The findings

  1. Transformational leadership is positively associated with positive mental health and negatively associated with negative mental health.
  2. There was a positive link between relationship-oriented and task-oriented leadership and positive mental health but only where the relationships and tasks were of high quality.
  3. Unsurprisingly, destructive leadership was strongly negatively associated with positive mental health and strongly positively associated with negative mental health.
  4. Leader-Member Exchange was associated with higher levels of well-being, functioning and performance. (It’s important to note that there were a lower number of studies from which to draw this conclusion, so caution should be erred with this finding).

The researchers sum it up best when they state,

“Destructive leadership seems not only to deteriorate mental health but also to reduce the levels of positive mental health states”

Implications for organisations and practitioners

This research is important because of the burden mental health issues place on the individual (e.g. depression), the organisation (e.g. costs of high sickness absence) and wider society (e.g. additional strain on the national health system).

As the researchers say,

“Leadership most likely is an important occupational health factor in its own right” 

and so, it is vital for leaders to be educated in their role in protecting and enhancing the mental health of their employees. Not only is the right thing to do, it pays dividends in terms of organisational performance.

Here are some practical solutions which can help:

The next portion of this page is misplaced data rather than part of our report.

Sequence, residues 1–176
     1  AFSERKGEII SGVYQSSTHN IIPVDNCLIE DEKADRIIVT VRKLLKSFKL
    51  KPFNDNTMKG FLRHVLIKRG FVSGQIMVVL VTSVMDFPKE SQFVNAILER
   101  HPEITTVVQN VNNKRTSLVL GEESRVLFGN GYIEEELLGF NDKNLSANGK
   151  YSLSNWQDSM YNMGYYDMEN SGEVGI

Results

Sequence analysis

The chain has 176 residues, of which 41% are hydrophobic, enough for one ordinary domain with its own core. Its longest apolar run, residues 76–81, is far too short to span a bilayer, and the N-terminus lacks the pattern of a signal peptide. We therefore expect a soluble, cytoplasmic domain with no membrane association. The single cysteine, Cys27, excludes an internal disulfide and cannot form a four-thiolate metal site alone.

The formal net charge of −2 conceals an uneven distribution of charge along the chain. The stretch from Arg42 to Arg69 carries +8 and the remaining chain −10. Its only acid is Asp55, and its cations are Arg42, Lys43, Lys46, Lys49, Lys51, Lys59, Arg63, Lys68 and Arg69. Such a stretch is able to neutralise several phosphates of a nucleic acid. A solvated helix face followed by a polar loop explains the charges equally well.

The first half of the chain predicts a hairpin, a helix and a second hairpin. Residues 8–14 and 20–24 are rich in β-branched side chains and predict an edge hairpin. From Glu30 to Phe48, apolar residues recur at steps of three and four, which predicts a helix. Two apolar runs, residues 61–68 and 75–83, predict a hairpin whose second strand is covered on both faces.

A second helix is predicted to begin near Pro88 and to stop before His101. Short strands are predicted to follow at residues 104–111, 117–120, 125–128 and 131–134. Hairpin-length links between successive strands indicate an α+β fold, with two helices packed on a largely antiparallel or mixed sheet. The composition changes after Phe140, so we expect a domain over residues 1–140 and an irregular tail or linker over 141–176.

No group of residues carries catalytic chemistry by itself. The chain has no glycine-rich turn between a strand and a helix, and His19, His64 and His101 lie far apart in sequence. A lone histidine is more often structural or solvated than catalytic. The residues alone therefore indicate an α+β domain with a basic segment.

1. Create a high-quality feedback environment. This is related to lower job depression and reduces feelings of helplessness. Developing managers in the skills needed to give meaningful feedback could make a fundamental difference to well-being and performance.
  2. Leadership development: If rolling out a leadership development programme, focus part of it on the ‘dark side of leadership’ to educate leaders on the behaviours to watch for. I still come across programmes which just focus on the ‘good stuff’ e.g. transformational leadership.
  3. Reward and recognition: Develop approaches at different levels in the organisation. For example, one group of managers I recently worked with each developed localised reward and recognition schemes, rather than just rely on the wider corporate scheme. This can help heighten self-accomplishment, meaning and hence well-being for employees.
  4. Performance management skills: Ensure managers have the skills to set well-defined, clearly understood and agreed goals, tasks, plans and monitoring approaches to those tasks. Task-oriented leaders need to balance their style with empathy and understanding.
  5. Emotional intelligence training and development: This should be rolled out across the whole organisation. Whilst it is important to give leaders the tools and techniques to handle their employees with care and consideration, likewise ‘followers’ need tools to help better challenge and negotiate difficult situations.

Do you have examples of where leadership has impacted health, well-being and performance? What kind of tactics did you use to overcome destructive leadership? Share your thoughts, musings and ideas in the comments box below.